“We kind of feel there’s some insider trading going on on this property,” speaking for herself and neighbors.
The property is half owned by McHenry County Board Chairman Ken Koehler.
Also speaking was Craig Steagall, land owner across the tracks from Koehler’s land.
He questioned the traffic experts traffic projections. Earlier he had hired his own traffic consultant and presented results to the city council.
“How did 84 Lumber get in there without making those improvements?” he asked.
Steagall also asked how the decades-old agriculture zoning for the former Flowerwood nursery property got changed to industrial through “a zoning map correction.” (Later Planning and Economic Development Director Michelle Rentzsch confirmed that what Stegall said was correct.)
“There’s been an allegation I’m on my high horse because of a sour land deal,” he continued, telling of how Metra approached him to buy 12 acres and how Alexandra Lumber was considering purchasing 20 acres prior to purchasing 84 Lumber’s abandoned yard. Steagall then pointed out that under the discussions he had had with Metra to buy land south of the tracks, he and his partner would have had to put in $500,000 to a million for infrastructure improvements, a cost burden he considered unreasonable.
Steagall compared Metra’s planned station to
- “Health Care—Start over,”
- “the Bridge to Nowhere” and
- “the Cornhusker Kickback.”
Speaking also of the Lily Pond Road station, which will be built on donated land, Stegall concluded,
“It’s Metra stations for all our friends.”
Another man asked if people, especially McHenry County College students and employees would have walking and biking access.
“Would it be good service to the college.”
No one from McHenry College offered public comment.
“What prevented Metra from putting the station on the south side of the tracks,” another person asked.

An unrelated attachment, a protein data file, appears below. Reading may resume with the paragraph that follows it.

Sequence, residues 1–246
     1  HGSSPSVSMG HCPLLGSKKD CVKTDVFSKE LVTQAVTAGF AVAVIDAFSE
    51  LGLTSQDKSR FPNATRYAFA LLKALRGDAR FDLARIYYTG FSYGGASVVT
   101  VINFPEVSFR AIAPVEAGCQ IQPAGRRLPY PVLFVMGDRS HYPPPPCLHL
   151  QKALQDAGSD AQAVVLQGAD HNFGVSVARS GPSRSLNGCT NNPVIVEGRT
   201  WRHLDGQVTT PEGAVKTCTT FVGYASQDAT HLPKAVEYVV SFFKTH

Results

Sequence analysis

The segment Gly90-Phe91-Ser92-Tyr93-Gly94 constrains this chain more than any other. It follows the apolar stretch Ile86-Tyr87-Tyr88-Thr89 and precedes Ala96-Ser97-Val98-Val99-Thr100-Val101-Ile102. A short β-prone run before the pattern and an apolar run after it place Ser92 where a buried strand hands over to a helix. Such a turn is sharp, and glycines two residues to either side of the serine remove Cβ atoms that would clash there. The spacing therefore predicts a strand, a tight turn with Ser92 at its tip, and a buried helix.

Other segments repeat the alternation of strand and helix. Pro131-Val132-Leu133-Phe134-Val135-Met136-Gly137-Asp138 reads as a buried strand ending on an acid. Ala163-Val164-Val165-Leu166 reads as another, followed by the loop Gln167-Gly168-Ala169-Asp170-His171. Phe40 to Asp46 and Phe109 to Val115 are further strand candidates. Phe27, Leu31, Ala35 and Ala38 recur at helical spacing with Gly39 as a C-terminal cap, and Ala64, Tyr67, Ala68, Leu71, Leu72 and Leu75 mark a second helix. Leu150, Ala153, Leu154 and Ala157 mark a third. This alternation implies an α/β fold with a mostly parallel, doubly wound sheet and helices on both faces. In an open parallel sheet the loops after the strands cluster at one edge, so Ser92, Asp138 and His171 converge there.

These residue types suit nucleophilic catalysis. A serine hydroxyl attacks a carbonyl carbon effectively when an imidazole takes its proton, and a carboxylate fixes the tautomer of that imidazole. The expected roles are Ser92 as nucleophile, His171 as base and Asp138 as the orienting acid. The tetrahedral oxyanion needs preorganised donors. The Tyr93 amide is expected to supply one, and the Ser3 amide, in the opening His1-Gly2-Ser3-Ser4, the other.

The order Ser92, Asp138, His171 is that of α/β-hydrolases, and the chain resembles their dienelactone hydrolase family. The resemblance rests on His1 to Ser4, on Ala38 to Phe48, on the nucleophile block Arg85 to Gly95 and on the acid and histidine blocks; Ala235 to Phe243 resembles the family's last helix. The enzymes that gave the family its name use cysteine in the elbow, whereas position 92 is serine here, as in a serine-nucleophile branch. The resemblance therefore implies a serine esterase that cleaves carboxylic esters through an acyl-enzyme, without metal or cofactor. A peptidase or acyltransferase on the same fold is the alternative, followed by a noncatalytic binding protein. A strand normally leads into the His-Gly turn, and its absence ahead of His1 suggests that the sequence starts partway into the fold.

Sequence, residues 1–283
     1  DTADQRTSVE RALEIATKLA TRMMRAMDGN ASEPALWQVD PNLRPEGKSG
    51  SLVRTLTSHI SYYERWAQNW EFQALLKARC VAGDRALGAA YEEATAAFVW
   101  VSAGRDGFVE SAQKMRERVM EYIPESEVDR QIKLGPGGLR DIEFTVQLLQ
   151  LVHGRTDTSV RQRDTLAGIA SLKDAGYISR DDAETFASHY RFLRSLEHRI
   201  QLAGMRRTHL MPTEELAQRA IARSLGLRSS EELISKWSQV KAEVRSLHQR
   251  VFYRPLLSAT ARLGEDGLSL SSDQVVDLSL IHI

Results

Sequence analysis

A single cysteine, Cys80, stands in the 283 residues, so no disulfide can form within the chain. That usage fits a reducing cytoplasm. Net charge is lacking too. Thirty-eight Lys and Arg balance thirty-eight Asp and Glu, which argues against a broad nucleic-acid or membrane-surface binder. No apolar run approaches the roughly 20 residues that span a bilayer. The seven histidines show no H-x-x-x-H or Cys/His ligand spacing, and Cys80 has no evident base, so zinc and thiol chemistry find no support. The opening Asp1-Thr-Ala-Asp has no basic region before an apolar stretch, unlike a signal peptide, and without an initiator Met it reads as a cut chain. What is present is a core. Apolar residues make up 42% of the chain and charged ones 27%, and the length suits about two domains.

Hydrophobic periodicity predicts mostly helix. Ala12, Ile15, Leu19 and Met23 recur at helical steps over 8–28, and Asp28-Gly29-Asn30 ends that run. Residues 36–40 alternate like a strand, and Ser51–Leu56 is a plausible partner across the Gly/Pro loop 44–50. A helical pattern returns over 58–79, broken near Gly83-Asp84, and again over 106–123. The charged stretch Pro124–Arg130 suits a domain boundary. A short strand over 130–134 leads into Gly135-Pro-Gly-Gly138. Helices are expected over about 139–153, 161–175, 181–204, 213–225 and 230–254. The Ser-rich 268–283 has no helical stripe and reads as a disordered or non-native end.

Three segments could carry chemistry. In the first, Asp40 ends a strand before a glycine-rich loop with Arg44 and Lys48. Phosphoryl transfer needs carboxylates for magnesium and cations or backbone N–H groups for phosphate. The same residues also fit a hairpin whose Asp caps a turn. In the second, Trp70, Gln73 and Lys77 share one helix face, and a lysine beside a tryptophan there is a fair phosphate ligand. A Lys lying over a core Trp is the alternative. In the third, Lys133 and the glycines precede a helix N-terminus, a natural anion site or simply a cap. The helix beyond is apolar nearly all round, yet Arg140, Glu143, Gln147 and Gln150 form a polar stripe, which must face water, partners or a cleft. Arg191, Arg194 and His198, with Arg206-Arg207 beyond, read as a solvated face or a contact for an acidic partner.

In rebuttal, a factoid came out that was interesting.
Over 60% of the people using the Pingree Road Station are from Lake in the Hills.
Replying to Steagall, Gottemoller said, “Sour grapes. That’s a political item that we don’t have anything to do with.”
Rick Mack, representing Metra, explained that 15 trains would come down the track each morning and that the Lily Pond Road Station (called East Woodstock) was put on the south side of the tracks so most cars using it wouldn’t have to cross the tracks.
He explained that capacity throughout McHenry County was being expanded, pointing to all the empty land between Woodstock and Harvard.
“This is an entire upgrade, not just to address today,” Mack continued. Earlier, it had been pointed out that train storage would be moved from Crystal Lake to north of Woodstock, that there was no room to store additional trains in Crystal Lake.
“All of these improvements are interconnected.”
Traffic concerns were widespread among the commissioners.
“We’re going to trust the county to do what it needs to do and trust the state to do what it needs to do.
“There are so many interdependencies, so many ‘what if’s’
“It’s a huge risk.”
At the end of the meeting, Goss thanked the city council “for standing up for the traffic study.”
Metra had asked to use its own traffic consultant, but that was rejected by the council in favor of one on the city’s approved list.